The effect of relative humidity on the backscattering of 0.694- and 10.6-µm radiation by aerosol particles in the lower troposphere is modeled. Two models of particle composition are considered: (1) all particles are composed of a uniform mixture of water-soluble material, dustlike material, and soot (uniform internal mixture) and (2) pure soot particles coexist with particles which are mixtures of water-soluble and dustlike materials (external mixture of soot). The amount of soot ranges from 1% to 20% of the volume of the aerosol. Changes in relative humidity have a greater effect on the backscattering coefficient, βπ at 0.694 µm than at 10.6 µm. If soluble material accounts for 30% of the volume of mixed particles and if an urban type aerosol size distribution is assumed, an increase in relative humidity from 0% to 99% results in an increase in βπ at 0.694 µm ranging from a factor of 5.7 for an external mixture containing 20% soot by volume to a factor of 15.6 in the case of a uniform internal mixture containing 20% soot. At 10.6 µm the increase in βπ, ranges from a factor of 2.1 to a factor of 2.8. The backscatter-to-extinction relation for 0.694-µm radiation propagating through a region of varying relative humidity is also investigated.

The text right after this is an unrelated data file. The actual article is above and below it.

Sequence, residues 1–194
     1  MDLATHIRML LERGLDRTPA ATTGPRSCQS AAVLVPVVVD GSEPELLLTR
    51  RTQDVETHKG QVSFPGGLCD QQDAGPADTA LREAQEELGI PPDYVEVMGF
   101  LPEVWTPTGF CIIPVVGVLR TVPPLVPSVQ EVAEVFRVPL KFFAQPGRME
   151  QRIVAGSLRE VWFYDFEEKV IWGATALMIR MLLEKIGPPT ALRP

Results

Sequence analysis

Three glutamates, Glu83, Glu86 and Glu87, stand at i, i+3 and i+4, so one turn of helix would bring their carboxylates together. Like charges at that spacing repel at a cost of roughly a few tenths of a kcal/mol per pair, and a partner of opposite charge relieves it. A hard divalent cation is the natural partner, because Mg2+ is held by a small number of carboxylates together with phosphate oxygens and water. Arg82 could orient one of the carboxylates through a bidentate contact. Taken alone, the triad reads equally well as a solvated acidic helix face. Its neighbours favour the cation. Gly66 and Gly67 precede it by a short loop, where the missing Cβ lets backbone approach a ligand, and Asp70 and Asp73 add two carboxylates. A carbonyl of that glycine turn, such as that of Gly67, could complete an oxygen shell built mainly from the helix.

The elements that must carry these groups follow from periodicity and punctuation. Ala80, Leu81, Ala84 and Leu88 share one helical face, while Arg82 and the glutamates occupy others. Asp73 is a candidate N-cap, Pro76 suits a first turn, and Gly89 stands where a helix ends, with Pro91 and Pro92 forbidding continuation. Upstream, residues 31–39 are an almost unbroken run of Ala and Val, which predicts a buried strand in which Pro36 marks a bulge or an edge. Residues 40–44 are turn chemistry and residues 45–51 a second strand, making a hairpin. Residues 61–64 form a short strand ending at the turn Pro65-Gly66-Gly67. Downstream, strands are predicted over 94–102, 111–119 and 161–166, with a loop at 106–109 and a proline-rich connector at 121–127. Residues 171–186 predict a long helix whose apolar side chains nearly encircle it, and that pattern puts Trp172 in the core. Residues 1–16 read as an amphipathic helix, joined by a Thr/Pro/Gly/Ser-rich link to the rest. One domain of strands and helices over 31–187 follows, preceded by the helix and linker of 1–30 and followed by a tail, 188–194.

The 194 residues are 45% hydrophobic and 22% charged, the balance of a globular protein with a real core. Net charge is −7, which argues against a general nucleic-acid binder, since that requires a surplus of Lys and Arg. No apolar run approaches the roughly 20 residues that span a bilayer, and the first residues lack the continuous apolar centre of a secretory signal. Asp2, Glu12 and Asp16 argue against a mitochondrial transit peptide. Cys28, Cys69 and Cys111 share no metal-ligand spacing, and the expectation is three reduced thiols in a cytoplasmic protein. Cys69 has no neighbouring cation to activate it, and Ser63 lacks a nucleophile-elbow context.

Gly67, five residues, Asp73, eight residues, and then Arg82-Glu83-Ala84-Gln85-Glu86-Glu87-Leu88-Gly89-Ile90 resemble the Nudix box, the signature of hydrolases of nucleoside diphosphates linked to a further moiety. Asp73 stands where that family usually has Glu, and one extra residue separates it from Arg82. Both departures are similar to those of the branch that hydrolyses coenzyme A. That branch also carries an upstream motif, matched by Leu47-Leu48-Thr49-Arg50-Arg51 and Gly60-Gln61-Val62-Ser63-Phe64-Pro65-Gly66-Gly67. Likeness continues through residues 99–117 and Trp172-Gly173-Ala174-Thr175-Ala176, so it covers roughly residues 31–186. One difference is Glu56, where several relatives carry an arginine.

James W. Fitzgerald, "Effect of relative humidity on the aerosol backscattering coefficient at 0.694- and 10.6-µm wavelengths," Appl. Opt. 23, 411-418 (1984)